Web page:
Sunday, September 25, 2016

Fishing industry accused of exploiting Asian crews



Foreign crewmen are recruited for U.S. fishing vessels similar to the one pictured above.
TWO INDONESIAN fishermen filed suit against a tuna boat captain Sept. 22  that they claimed  kept them in virtual slavery.

They said that they escaped the boat when their Honolulu-based vessel docked in San Francisco.

Abdul Fatah and Sorihin, who goes by a single name, filed a human labor trafficking lawsuit in U.S. District Court in San Francisco against Thoai Van Nguyen. They assert that they were held captive on the Sea Queen II in late 2009 and early 2010 while fishing for tuna, swordfish and other seafood prized by U.S. stores and restaurants.

Efforts by reporters to reach Nguyen, who lives in California, were unsuccessful.

The experience suffered by the two men echo the practice by many fishing vessels who find their crew in Southeast Asia and then keep them in slave-like conditions, meager pay, preventing their crew from leaving the vessel while it is docked and working in dangerous conditions The Associated Press won the Pulitzer Prize this year on their stories about the  slave-like conditions in the global fishing industry.

The two men allege in the lawsuit filed in federal that they were recruited in Indonesia seven years ago to work in Hawaii’s commercial fishing fleet without realizing they would never be allowed onshore. The lawsuit alleges Nguyen forced Sorihin and Fatah to work up to 20-hour shifts and denied them medical treatment.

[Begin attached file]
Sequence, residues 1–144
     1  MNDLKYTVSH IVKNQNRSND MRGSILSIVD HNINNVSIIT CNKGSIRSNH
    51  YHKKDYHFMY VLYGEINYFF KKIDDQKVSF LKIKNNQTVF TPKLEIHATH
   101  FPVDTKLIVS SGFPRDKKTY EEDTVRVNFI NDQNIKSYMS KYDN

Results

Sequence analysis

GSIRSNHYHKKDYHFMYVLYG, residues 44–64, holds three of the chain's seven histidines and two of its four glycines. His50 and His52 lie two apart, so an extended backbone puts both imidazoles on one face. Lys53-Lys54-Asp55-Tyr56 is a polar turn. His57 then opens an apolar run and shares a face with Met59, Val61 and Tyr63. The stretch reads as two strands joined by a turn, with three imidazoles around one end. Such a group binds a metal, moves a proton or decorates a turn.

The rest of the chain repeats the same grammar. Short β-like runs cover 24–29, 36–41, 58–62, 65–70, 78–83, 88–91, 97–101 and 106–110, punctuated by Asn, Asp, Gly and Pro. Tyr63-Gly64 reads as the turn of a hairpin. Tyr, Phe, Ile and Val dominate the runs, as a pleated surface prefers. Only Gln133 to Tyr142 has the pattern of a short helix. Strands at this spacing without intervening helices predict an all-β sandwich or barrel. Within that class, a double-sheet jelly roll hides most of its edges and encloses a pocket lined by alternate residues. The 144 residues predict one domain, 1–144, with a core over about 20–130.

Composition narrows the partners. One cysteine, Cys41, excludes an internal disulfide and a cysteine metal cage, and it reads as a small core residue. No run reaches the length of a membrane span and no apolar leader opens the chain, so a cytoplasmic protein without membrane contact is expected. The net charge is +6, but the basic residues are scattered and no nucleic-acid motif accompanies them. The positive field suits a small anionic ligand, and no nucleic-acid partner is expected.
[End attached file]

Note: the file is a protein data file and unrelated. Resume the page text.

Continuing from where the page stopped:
Most of the approximately 700 crewmembers in the Hawaii fleet are from the Philippines, Indonesia, Vietnam and the tiny Pacific island nation of Kiribati. Because they have no visas, they aren't allowed to fly into the country, and are instead picked up at foreign ports and brought to Honolulu by boat.


Some of the fish caught by the foreign fishermen
wind up in pet food.
"With no legal standing on U.S. soil, the men are at the mercy of their American captains. ... Since they don't have visas, they are not allowed to set foot on shore." reports AP. "The entire system, which contradicts other state and federal laws, operates with the blessing of high-ranking U.S. lawmakers and officials, an Associated Press investigation found."

Hawaii and federal lawmakers are promising to improve conditions for hundreds of foreign fishermen working in Hawaii's commercial fleet, and at least one company has already stopped buying fish from the boats following the AP expose'.

Whole Foods halted buying seafood caught by foreign crew until it's clear the men are treated fairly. Last Sunday, Sept. 18, the Hawaii Seafood Council said that starting Oct. 1, the Honolulu Fish Auction will sell fish only from boats that have adopted a new, standardized contract aimed at assuring no forced labor exists on board.


A legal loophole allows foreign crews to work on the American-owned, American-flagged boats without visas as long as they don't set foot on shore. 

The AP investigation found the fishermen are paid as little as $350 a month, but many also get small bonuses, lifting their monthly pay to $500 or $600. "We always would want workers to have decent working conditions," said Hawaii Gov. David Ige. The AP report "highlighted how sometimes people fall in a loophole and they don't get the full protections of labor laws that most of us enjoy."

After the story was published, boat owners in Hawaii and seafood sellers quickly formed a task force which they said was creating a universal contract. They said they are working with buyers and government officials.

"I am confident that through this process we will ferret out any vessel from the fleet that is involved in forced labor, labor abuse or substandard working conditions and treatment of the crew," John Kaneko of the Hawaii Seafood Council told the Honolulu Star-Advertiser.

As the lawsuit winds its way through the courts, Fatah and Sorihin have since been issued visas for victims of human trafficking and are living in the San Francisco area.

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